Hampstead-London, 26 March. Vatayan Poetry on South Bank organised a special event to commemorate Shaheed Bhagat Singh at Keats House in Hampstead. The established author, Reginald Massey’s new book, Shaheed Bhagat Singh and the Forgotten Indian Martyrs,was launched by Mrs Virendra Sandhu (niece of Bhagat Singh), Mrs Vibha Mehdiretta, Second Secretary (Culture),High Commission of India and Deputy Director, The Nehru Centre, London and Professor Lord Desai of St Clement Danes the well known economist, Labour politician and celebrated author, who also chaired the event.
Welcoming the guests, Divya Mathur, founder of Vatayan, briefed the audience about Vatayan’s activities and dedicated this event to the veteran journalist the late Joe Nathan, Editor of Confluence, for his commitment, determination and selfless service. Lalit Mohan Joshi, Director, South Asian Cinema Foundation, gave a short speech introducing Reginald Massey and his new book. Mrs. Virendra Sandhu, who is a renowned author of a biography of her uncle Bhagat Singh and his ancestors, captivated the audience with several anecdotes of Bhagat Singh and his family. Prof Lord Desai spoke briefly on the book and congratulated Reginald Massey for the timely and informative book on Shaheed Singh.
The second session was presented with considerable flair and panache by Chaand Chazelle, filmmaker, actor and author. It consisted of poems commemorating Indian martyrs (in English, Hindi, Punjabi and Urdu) by well known poets: India Russell, Chaman Lal Chaman, Diana Mavroleon, Dr Hilal Fareed, Sathi Ludhianvi, Ila Kumar Ayub Aulia and Jai Verma. A soulful musical rendition of Ram Prasad Bismil’s famous patriotic poem, Sarfaroshi ki tamanna ab hamarey dil mei hai, by young and upcoming singer, Uttara Sukanya Joshi, was a high point of the evening and so was the recitation by the 8-year old Neel Doherty, our youngest poet.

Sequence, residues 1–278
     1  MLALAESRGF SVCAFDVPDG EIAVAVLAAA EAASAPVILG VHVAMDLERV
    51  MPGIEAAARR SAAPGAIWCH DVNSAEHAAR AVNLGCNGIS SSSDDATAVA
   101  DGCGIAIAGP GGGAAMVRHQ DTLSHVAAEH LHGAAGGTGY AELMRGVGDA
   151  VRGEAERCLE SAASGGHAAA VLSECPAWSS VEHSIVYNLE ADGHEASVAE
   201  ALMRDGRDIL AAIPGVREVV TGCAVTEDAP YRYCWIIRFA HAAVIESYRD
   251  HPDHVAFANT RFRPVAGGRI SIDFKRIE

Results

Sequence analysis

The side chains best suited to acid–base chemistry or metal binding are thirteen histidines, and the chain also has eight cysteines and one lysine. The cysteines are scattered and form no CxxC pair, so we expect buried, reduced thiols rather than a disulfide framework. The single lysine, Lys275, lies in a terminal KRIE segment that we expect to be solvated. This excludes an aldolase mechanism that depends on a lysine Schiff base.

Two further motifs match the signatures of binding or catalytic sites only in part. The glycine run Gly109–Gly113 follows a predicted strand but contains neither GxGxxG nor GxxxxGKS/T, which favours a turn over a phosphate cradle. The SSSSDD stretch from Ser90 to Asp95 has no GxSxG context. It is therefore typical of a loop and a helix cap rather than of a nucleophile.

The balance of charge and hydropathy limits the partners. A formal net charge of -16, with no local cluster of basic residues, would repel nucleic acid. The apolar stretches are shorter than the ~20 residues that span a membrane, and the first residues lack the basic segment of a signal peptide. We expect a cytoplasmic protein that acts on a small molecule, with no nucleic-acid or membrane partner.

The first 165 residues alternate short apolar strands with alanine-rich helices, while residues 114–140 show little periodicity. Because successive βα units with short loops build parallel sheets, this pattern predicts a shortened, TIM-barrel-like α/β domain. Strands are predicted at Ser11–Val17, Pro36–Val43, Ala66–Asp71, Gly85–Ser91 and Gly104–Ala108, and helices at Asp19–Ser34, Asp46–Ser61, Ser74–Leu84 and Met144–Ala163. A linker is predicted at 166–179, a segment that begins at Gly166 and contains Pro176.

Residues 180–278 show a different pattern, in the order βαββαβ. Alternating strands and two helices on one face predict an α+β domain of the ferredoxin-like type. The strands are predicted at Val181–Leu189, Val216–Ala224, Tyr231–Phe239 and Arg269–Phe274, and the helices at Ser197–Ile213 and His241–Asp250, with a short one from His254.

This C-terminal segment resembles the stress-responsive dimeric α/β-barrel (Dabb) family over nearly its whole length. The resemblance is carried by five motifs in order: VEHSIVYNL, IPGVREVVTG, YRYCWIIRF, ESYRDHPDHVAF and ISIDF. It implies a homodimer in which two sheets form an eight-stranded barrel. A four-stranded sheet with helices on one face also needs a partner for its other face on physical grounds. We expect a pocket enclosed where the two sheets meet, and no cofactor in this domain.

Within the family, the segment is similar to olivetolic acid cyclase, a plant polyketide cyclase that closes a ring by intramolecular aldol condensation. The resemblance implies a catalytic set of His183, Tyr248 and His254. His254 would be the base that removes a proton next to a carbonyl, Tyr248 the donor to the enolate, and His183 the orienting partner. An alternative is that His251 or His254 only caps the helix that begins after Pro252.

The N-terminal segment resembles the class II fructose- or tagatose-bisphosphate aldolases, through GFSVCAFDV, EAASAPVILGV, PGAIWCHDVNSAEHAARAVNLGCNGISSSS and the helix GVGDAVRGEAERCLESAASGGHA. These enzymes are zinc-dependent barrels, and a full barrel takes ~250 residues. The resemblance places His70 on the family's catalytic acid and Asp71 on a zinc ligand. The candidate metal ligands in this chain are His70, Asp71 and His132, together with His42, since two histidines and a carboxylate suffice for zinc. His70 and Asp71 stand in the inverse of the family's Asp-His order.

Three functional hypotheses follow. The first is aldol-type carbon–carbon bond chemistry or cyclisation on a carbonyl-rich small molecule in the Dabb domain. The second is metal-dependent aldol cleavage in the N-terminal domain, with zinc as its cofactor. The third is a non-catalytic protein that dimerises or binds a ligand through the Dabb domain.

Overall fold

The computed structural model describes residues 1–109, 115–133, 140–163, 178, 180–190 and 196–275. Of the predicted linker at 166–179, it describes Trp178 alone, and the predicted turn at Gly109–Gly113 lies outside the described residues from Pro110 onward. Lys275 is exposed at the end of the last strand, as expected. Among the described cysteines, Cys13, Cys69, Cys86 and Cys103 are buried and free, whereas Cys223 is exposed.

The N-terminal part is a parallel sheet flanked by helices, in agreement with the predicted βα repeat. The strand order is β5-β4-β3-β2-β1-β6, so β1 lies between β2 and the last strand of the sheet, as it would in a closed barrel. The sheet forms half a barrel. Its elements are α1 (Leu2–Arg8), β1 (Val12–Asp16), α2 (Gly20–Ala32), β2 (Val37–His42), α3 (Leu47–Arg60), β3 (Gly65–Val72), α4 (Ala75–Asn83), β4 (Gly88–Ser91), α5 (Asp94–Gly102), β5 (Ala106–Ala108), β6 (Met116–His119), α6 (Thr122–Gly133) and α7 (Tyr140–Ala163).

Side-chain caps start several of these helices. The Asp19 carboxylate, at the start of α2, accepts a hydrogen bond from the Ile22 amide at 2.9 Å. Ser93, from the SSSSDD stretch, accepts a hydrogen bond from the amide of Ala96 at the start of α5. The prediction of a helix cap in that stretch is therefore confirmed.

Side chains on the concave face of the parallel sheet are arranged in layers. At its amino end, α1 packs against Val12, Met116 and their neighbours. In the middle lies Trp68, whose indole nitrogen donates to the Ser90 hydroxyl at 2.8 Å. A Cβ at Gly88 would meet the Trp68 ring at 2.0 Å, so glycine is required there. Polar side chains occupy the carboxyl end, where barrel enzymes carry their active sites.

In her Vote of Thanks, Dr Kusum Pant Joshi, social historian, thanked the Big Lottery Fund for partly funding Vatayan’s activities, participating speakers and poets, chief guests and volunteers of Vatayan. The event was very well attended and the audience included philanthropists, seasoned media personnel and well-known authors and artists.
The evening was a befitting tribute to one of the most influential revolutionaries of India’s independence movement against British colonial rule, Shaheed Bhagat Singh (28 Sep 1907-23 March 1931), who was hanged aged just 23. His legacy gave further momentum to the freedom struggle and encouraged Indian youth and others to keep the torch of freedom burning bright. Although the sacrifices and efforts of Bhagat Singh and his associates have still to receive due recognition in the annals of recorded history, they are even today a source of inspiration for young and old alike.
Vatyan: poetry on South Bank